Buenos Aires – It’s a grey and rainy day, and we’re going to stay in for most of it. I thought it was a good time to finish up a couple of book reviews I’ve been working on…
Much as I love vegetables, being a vegetarian has never been truly an option for me. But when two books on vegetarian cooking arrive in my mailbox on the same day, I figure someone at least wants me to pay attention. I used to think that vegetarians were all a little, well, squirrely. And they didn’t eat anything that tasted good. Not that vegetables don’t taste good, but, well, the vegetarian restaurants I’d encountered seemed committed to brown, mushy or really, really chewy, tasteless food. Misery in dining as a way of life. Over the last few years though, I’ve discovered some truly wonderful restaurants that are meatless. The two big changes seem to be an appreciation for really exploring the potential of vegetarian cuisine, and, perhaps as important, dropping the dogmatic approach that up until only a few years ago dominated the scene.
The first book I opened is the cookbook from the chef and staff of the Millennium restaurant in San Francisco. Aptly enough, not only for the restaurant but for the age we’re living in, the book is called The Millennium Cookbook; Extraordinary Vegetarian Cuisine. And it is. Extraordinary. First, the book is beautifully designed. Eye-catching photos, both color and sepia-toned, are liberally placed throughout the book. The graphic layout and color choices for text are equally enticing. Secondly, the book is a pleasure to read. The authors start by noting that their readers undoubtedly have different motivations for picking the book up – and all are equally valid.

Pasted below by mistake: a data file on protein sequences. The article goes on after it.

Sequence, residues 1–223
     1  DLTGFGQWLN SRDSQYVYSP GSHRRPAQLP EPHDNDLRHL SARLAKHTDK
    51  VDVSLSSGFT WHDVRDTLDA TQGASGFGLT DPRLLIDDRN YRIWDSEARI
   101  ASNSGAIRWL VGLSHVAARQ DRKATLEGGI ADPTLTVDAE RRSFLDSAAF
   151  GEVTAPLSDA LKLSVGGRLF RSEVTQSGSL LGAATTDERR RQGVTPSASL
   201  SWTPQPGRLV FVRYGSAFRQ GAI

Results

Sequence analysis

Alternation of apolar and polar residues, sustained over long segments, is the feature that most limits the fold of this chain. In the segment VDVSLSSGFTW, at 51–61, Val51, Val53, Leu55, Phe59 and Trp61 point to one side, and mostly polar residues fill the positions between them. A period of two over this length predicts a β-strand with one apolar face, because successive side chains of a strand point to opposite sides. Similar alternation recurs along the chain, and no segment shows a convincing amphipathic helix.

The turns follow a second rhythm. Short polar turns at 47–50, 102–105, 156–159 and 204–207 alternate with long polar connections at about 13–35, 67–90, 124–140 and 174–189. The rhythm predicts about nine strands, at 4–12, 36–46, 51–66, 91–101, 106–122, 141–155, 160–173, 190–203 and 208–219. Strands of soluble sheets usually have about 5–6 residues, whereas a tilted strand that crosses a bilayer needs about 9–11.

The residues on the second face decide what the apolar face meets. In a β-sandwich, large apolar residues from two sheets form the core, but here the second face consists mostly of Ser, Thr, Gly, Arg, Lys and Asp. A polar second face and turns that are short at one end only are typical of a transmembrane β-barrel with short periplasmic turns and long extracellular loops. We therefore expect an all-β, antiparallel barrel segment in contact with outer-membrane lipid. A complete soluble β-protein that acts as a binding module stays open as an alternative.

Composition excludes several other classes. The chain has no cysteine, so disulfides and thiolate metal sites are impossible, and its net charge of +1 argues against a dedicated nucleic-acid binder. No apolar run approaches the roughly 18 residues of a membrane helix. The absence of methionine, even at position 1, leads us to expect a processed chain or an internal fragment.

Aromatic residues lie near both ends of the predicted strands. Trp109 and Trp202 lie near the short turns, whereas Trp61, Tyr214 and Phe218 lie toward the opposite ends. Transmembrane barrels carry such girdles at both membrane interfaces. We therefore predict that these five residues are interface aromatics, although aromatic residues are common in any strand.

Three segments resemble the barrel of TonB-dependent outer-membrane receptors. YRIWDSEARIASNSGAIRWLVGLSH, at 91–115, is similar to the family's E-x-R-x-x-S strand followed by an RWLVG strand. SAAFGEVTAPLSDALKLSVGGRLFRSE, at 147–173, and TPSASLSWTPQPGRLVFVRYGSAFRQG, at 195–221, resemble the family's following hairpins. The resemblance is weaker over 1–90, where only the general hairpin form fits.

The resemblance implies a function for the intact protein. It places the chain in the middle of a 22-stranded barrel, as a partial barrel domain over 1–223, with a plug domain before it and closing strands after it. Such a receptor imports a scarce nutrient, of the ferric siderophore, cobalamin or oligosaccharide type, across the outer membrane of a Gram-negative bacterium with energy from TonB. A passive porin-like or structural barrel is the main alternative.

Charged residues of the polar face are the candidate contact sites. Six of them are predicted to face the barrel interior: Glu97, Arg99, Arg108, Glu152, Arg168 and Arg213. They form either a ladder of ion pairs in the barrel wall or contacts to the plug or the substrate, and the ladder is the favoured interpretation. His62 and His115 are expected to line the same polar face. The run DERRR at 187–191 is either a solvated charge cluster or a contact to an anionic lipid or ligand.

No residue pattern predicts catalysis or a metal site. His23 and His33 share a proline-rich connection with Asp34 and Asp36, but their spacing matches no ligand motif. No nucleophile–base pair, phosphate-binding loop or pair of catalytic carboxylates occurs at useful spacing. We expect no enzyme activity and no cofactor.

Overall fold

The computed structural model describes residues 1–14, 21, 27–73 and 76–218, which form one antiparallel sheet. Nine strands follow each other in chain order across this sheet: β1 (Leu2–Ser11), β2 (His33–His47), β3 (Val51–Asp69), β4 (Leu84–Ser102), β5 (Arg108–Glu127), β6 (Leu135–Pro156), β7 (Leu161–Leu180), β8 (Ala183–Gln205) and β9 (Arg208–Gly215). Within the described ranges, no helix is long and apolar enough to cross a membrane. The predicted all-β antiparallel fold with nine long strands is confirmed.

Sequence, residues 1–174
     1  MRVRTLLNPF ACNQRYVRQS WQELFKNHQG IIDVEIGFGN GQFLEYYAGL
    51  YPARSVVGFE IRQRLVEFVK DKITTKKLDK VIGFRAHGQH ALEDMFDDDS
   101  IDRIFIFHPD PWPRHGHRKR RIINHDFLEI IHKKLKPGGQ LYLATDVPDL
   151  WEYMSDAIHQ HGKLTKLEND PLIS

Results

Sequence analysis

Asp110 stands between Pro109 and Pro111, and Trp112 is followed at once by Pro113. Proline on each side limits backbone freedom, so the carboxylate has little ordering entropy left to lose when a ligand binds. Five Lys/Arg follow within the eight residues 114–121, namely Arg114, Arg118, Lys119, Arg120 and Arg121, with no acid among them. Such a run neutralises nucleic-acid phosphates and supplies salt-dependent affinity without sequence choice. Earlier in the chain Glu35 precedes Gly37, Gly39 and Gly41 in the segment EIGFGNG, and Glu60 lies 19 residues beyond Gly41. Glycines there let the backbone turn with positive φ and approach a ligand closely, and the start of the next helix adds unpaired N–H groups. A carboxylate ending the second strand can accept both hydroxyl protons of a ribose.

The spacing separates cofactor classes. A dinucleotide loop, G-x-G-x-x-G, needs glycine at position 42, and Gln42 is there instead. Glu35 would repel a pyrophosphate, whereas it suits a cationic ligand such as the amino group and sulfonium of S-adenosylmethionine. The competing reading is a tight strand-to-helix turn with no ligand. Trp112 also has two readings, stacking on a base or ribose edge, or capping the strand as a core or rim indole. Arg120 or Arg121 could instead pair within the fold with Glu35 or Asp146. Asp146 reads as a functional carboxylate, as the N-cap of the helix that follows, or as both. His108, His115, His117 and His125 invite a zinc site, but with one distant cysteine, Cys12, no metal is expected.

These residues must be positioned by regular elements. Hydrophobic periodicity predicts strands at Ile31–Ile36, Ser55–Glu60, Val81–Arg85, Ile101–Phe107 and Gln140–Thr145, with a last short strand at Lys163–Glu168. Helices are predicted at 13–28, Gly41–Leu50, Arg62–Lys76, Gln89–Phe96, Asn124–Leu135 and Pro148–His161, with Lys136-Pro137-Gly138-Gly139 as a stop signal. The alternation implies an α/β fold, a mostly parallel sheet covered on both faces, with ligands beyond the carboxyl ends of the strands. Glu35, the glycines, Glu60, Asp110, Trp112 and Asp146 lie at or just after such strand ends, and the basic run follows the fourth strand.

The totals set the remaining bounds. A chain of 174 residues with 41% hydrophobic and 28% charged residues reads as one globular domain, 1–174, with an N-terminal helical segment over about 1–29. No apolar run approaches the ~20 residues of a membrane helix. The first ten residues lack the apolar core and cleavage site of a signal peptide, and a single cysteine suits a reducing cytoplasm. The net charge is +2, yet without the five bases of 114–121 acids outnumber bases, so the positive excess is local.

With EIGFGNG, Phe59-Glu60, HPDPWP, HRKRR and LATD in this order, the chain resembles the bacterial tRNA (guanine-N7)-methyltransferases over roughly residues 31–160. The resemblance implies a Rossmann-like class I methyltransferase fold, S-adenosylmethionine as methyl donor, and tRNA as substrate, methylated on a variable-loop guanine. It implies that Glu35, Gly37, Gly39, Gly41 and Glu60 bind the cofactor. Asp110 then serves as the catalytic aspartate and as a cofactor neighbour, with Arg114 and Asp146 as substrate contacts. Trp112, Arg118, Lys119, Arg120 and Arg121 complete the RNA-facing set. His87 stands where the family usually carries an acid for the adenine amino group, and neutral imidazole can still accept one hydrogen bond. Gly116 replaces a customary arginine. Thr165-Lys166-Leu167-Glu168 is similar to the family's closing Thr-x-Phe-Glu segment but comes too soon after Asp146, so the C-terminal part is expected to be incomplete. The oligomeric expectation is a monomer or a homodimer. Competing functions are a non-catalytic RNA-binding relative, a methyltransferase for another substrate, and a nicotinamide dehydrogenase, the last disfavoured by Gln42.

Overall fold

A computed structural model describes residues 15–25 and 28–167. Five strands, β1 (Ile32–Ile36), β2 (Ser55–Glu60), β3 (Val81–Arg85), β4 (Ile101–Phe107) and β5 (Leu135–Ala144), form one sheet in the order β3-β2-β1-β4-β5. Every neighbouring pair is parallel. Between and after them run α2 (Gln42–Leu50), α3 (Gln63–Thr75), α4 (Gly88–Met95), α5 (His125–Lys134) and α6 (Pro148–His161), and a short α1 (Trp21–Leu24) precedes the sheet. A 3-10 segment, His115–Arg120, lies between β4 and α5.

One of my pet peeves are recipes in cookbooks that either just plain don’t work, or require a level of skill or knowledge that the average home cook just doesn’t generally possess. The Millennium Cookbook successfully avoids either pitfall. Recipes are clear, concise and well laid out. Where references are made to special techniques or ingredients, there are appropriate reference sections in the back that cover these. Nutritional information is provided for those whom are interested. Most importantly, the recipes work. I picked a random sampling of half a dozen and tried them out. All were delicious!
The second book I approached with trepidation. Heaven’s Banquet; Vegetarian Cooking for Lifelong Health the Ayurveda Way already had the ring of dogma and brown, mushy food. Happily, my fears were unwarranted. The book certainly contains whole sections devoted to spirituality and vegetarian cuisine, and it is peppered with quotes and quips from spiritual texts. However, there is an easy-going, at times almost tongue-in-cheek approach to the presentation of the food and its relationship to life.
The book is nicely laid out, the recipes are easy to follow, and, like the Millennium Cookbook, the recipes work. There is also entire sections devoted to recipes covering interesting basics like making your own cheeses, seitan, spice mixtures and chutneys. Though illustrations are few and far between, they are present to illustrate specialized cooking techniques when the author feels something is a bit more complicated.
For vegetarians and non-vegetarians alike, these two books provide not only good food, approached from vastly different directions, but enjoyable reading as well.